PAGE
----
Monday, August 31, 2009

Noticed this Monarch Caterpillar munching some of its favorite food, the Milkweed, near Skyland lodge several days ago.

Friday, August 28, 2009

Good Evenings

After a great hike in the meadow I had the chance for a quick hike to the top of Compton peak on the ride home. It's sunsets like this that good evenings are made of, of course the cliff and the Mountain Ash help as well.

Wednesday, August 26, 2009

Bug-eyed in the Woods

Walking through the woods in Shenandoah this time of year can leave one a bit bug-eyed. There is so much to see, the big summer wildflowers, the butterflies, the bugs and the bear all vie for your attention. Here's a couple the folks on my hikes and I have seen in the past couple days.

A Locust hanging on a lichen covered tree near the Nicholson Hollow trail.

A Spicebush Swallowtail lighted on a Cardinal flower Stream side.

The biggest Wild Turkey leading the flock through the ferns of the Limberlost trail.

Thursday, August 20, 2009

You Can Too!

She did it!

Tick Check!

Out again this year for our annual three day training with George Washington Universities Trails Guides and again it was a great year! The student leaders learned a multitude of wilderness leadership skills from LNT (Leave No Trace) to land navigation and many things in between. Pictured above students do a thorough tick check after a cross country bushwack orienteering session. Students left more prepared to lead their peers into the wilderness but hopefully no blood sucking, disease carrying, arachnid, parasites.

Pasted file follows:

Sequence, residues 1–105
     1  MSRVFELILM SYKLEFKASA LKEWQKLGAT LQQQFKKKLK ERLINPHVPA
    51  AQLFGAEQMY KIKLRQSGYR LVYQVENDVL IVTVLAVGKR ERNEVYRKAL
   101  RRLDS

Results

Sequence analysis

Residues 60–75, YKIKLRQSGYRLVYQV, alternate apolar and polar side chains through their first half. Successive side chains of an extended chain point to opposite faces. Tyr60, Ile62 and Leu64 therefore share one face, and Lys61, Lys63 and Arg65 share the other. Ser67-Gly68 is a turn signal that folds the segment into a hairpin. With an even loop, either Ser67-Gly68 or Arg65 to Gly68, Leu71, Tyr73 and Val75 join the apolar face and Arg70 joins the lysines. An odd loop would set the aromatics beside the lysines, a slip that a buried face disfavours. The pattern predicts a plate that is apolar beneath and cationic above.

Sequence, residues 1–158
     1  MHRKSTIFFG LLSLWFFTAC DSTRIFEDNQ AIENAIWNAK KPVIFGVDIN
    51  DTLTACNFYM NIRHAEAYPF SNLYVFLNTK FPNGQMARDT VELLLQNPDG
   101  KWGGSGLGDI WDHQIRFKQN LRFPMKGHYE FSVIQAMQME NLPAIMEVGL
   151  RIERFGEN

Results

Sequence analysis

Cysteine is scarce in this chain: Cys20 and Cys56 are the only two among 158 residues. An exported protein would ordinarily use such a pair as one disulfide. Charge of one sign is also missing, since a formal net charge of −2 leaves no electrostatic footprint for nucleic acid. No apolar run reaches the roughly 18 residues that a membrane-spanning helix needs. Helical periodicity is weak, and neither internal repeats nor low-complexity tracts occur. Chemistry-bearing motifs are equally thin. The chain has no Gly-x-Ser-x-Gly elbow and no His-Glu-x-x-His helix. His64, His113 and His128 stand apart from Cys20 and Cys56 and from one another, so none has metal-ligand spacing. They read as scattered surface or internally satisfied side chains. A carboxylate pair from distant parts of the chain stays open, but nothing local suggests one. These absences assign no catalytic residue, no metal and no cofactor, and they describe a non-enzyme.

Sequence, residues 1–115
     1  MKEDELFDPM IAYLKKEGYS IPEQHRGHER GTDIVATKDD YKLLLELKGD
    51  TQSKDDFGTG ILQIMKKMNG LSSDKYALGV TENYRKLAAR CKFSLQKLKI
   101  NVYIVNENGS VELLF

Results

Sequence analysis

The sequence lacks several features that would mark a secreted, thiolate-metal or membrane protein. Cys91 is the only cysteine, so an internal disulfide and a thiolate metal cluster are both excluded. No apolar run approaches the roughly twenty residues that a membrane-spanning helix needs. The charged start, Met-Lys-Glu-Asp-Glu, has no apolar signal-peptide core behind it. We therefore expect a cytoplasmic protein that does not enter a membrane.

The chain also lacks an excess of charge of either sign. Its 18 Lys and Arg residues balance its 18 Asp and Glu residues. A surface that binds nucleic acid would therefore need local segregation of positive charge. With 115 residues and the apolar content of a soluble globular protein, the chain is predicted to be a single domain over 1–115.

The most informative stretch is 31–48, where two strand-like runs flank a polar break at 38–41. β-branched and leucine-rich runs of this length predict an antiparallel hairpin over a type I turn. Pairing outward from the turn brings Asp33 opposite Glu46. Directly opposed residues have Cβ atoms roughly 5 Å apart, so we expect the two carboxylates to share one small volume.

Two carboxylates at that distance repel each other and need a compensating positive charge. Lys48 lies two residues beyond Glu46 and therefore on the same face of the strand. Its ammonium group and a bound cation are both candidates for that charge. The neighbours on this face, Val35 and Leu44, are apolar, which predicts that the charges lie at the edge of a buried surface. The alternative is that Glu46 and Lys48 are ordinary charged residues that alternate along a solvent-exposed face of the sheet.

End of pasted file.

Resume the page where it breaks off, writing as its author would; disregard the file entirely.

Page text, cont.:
Blue Mountains

This plaque adorns the top of a headstone in one of Shenandoah's many cemeteries where the families of the deceased parkland residents are allowed to continue burying their kin. Click on the picture to enlarge it and read the window into a locals final thoughts.

Monday, August 10, 2009

Extreme Kids

Whether you are a kid, or a kid at heart, spending seven days in the woods is extreme.
Rock climbing, rappelling, water sliding, white water tubing, climbing mountains and carrying everything you need for five days on your back are also extreme. Good job ladies, you're stronger for it.

Monday, August 03, 2009

Respect Wildlife

One of the seven principles of Leave No Trace is Respect Wildlife, and it makes sense. If we harm the creatures whose home we pass through, that wilderness loses part of the reason we go there in the first place. When it comes to Crawdads, and my personal desire to show and teach on trips sometimes I pick one up to show just how cool they are. Crawdads (Crayfish for you northerners) are a great indicator species as they can not live in all but the cleanest of streams. So if you see them dying in a stream near you, watch out, there are pollution issues. Watch out if you pick them up as well, sometimes they get the last laugh.
(No Crawdads were hurt in the posting of this blog)

Site Meter